'They will not look like prisons': how community custodial units for women in Scotland will operate
“Scotland puts not just too many people in prison but far too many women in prison and I think that to date the models around imprisonment and justice have not been designed for women,” HMP Cornton Vale governor Rhona Hotchkiss told an audience in Glasgow last night. “Women have been a bolt-on to the system that has been designed for men.”
It has been almost eight months since Justice Secretary Michael Matheson announced plans to take a “new approach to how we deal with female offenders”. In short, a new women’s prison designed to house almost a quarter of the current capacity of Scotland’s only national facility – Cornton Vale – would be built, accompanied by five “community-based custodial units” each able to hold up to 20 women.
Since then, detail on this new set-up has been sparse. However, as Mathson prepares to appear before Holyrood’s justice committee next week to discuss progress over the last 12 months in implementing the Commission on Women Offenders’ recommendations, Hotchkiss– the Scottish Prison Service operational lead for the development of the women’s custodial estate – has shed some light on what she described as a “departure from the norm” will actually look like.
“Really importantly, because these units will be in the community, they have to have minimal visible security,” she told a Scottish Association for the Study of Offending meeting in Glasgow last night. “So they won’t have high walls, they won’t have barbed wire, they won’t have bars on the window, they will not look like prisons.”
Women will be held in “optimum security conditions for their individual needs, risks and strengths” with the majority of women in community-based custodial units serving short-term sentences.
“It is our hope that after a short period of assessment when women come into community custody units, they will be going out; they will be going out to access health services, they will be going to access social work services, they will be going out to access work placements, they might be going home for a visit, they will be using leisure facilities and so on in the community,” said Hotchkiss. “Many of these will be relatively low risk women still on the shorter end of the sentence scale who will be assessed for all of that.”
A model design for the five community custody units planned is almost complete and is likely to be released within the next few weeks to get feedback from people across the justice sector, including individuals who have spent time in prison. “Basically what it will look like is a communal space with space for visiting experts and workers and so on, a nice visiting type area, and then the residential facilities which are as much like small flats as we can make them,” said Hotchkiss.
“Each one will have an accessible area for women with mobility issues and each one will have a mother and child area as well because we fully expect that children will be able to come and visit [and] they will be able to come and stay overnight, we are serious about people rebuilding links with their families.
“They’ll all be in small flatted units, they’ll all be cooking for themselves, they’ll be doing their own cleaning, their own washing, able to wander about, confined only within the perimeter of the building and only at the times that are appropriate to them.”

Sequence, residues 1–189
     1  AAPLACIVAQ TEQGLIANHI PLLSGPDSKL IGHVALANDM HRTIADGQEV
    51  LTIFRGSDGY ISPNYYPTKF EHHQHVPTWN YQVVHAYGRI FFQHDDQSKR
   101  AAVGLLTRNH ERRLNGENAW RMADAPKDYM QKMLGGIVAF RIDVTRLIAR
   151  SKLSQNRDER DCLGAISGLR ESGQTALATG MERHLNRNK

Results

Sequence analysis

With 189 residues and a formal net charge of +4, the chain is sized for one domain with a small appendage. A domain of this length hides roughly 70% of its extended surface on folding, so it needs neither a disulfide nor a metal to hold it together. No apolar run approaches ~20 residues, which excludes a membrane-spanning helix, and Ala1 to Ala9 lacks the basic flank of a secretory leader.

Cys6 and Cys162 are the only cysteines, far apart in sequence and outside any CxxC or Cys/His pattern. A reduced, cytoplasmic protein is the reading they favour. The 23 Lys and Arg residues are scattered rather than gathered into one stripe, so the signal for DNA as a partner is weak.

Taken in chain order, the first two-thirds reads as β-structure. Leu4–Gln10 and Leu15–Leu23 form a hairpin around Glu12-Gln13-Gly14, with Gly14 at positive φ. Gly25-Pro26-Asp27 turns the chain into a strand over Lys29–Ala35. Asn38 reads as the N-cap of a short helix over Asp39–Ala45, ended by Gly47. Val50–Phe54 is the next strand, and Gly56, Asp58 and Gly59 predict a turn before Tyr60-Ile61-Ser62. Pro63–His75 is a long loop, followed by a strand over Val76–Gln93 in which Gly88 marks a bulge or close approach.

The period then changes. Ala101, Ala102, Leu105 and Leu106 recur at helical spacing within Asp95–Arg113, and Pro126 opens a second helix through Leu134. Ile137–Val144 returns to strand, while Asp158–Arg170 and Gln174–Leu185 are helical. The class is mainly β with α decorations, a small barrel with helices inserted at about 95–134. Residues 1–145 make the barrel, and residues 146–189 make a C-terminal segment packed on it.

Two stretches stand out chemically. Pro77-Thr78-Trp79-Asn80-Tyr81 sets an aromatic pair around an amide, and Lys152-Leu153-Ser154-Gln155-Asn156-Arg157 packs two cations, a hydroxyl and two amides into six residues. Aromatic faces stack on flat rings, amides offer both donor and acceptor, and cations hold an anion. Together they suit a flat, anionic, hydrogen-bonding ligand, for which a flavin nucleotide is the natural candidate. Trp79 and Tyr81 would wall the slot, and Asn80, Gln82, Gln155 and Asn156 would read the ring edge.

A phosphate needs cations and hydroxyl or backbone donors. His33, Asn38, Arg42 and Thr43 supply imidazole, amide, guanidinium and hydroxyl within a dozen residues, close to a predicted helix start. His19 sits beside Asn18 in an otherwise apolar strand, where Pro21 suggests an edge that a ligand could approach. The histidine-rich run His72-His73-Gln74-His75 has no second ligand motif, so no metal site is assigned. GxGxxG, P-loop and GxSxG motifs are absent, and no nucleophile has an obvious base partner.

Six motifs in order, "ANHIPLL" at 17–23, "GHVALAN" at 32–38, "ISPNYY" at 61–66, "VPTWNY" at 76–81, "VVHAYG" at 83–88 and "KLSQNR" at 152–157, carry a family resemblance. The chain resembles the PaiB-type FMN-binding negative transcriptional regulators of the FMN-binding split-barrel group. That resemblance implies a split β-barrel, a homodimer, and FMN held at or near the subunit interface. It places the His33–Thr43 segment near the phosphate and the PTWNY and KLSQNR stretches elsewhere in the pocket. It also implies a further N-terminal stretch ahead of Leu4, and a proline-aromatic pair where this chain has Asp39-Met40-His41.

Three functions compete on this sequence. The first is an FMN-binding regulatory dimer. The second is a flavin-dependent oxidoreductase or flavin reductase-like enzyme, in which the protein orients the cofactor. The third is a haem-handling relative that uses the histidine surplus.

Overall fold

Current Scottish Prison Service thinking is that it will be cheaper to build most if not all of the community units from scratch rather than convert existing buildings. “That gives us the opportunity to as much as possible make these buildings like their surroundings,” said the Cornton Vale governor. Five units “seems to be about the right number just now”, she added, though intimated a desire to see more introduced as time goes on if the model proves to be successful.
They will be “built for women who have suffered trauma” and for “building family contact”, Hotchkiss told audience members. Just over half of women who go in to Cornton Vale have children and of those, less than a third have custody of their children by the time they arrive.
Units are likely to feature a mixture of prison staff, healthcare and social work figures as well as individuals from the third sector. “It is my belief that what we need for these women are facilities that offer 24 hour support, supervision, motivation and friendship because that is what an awful lot of these women lack in their lives,” she said.
Of course, the process of setting these up is unlikely to be all plain sailing. For one, European prison rules dictate that young people under the age of 18 should not be detained in the same accommodation as adults. As such, the prison service is still ironing out how this new set-up will work if young women are given a custodial sentence.
Secondly, and perhaps more immediate, is a fear that some local communities may be averse to having a unit on their doorstep. The process of site selection for the five units is about to get underway. Holyrood understands that work has been undertaken to identify the postcodes that women imprisoned in Scotland are most likely to come from. Letters will then be sent out to local authorities either telling them their area has insufficient numbers for such a set-up or that it is being considered and therefore support would be welcome.
“There was a huge coalition of good will around the announcement to not proceed with Inverclyde,” said Hotchkiss. “Almost every politician in the Scottish Parliament thought that was the right thing to do and there was tremendous support from everyone involved with justice.
"And when we move to open these community units we need them all to stand up and to stand beside us and say, 'this is the right thing to do'. We need all the community leaders, all the people that spoke out about expansion of the women’s custodial estate to actually stand up for us and say this is the right way to go.”